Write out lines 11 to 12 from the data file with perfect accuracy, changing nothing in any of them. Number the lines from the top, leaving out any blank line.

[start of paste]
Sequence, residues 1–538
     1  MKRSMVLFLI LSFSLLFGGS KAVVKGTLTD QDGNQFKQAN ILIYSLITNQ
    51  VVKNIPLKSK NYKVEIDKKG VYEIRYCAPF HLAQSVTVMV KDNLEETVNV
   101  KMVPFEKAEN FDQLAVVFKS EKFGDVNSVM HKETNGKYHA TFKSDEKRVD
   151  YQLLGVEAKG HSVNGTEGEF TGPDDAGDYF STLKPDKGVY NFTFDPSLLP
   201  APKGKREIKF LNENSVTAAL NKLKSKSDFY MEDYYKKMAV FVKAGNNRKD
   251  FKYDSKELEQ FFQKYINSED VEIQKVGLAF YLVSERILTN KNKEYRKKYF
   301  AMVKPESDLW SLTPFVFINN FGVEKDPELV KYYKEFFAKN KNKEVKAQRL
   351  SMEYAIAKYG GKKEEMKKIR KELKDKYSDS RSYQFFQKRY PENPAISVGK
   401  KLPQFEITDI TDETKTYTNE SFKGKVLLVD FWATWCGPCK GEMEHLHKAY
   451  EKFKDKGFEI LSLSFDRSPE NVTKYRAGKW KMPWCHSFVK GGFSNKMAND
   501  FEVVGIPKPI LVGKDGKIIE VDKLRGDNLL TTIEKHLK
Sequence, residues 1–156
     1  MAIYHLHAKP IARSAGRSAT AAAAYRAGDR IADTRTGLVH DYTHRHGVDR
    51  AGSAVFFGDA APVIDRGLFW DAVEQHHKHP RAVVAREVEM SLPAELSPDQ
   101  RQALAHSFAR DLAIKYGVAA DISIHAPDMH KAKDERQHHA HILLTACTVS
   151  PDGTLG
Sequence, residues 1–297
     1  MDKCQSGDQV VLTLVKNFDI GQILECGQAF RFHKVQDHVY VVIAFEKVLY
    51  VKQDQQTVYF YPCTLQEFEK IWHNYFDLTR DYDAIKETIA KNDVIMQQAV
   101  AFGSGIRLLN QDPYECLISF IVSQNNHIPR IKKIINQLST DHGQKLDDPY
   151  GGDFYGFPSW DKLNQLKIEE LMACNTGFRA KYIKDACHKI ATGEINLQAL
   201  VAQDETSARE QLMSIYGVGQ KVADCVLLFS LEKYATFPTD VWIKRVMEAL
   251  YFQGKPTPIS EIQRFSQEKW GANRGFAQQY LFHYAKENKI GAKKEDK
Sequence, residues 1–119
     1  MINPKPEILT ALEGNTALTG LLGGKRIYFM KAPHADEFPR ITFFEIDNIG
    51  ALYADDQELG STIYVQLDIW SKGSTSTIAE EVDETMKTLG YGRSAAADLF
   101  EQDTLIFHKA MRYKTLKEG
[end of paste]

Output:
   451  EKFKDKGFEI LSLSFDRSPE NVTKYRAGKW KMPWCHSFVK GGFSNKMAND
   501  FEVVGIPKPI LVGKDGKIIE VDKLRGDNLL TTIEKHLK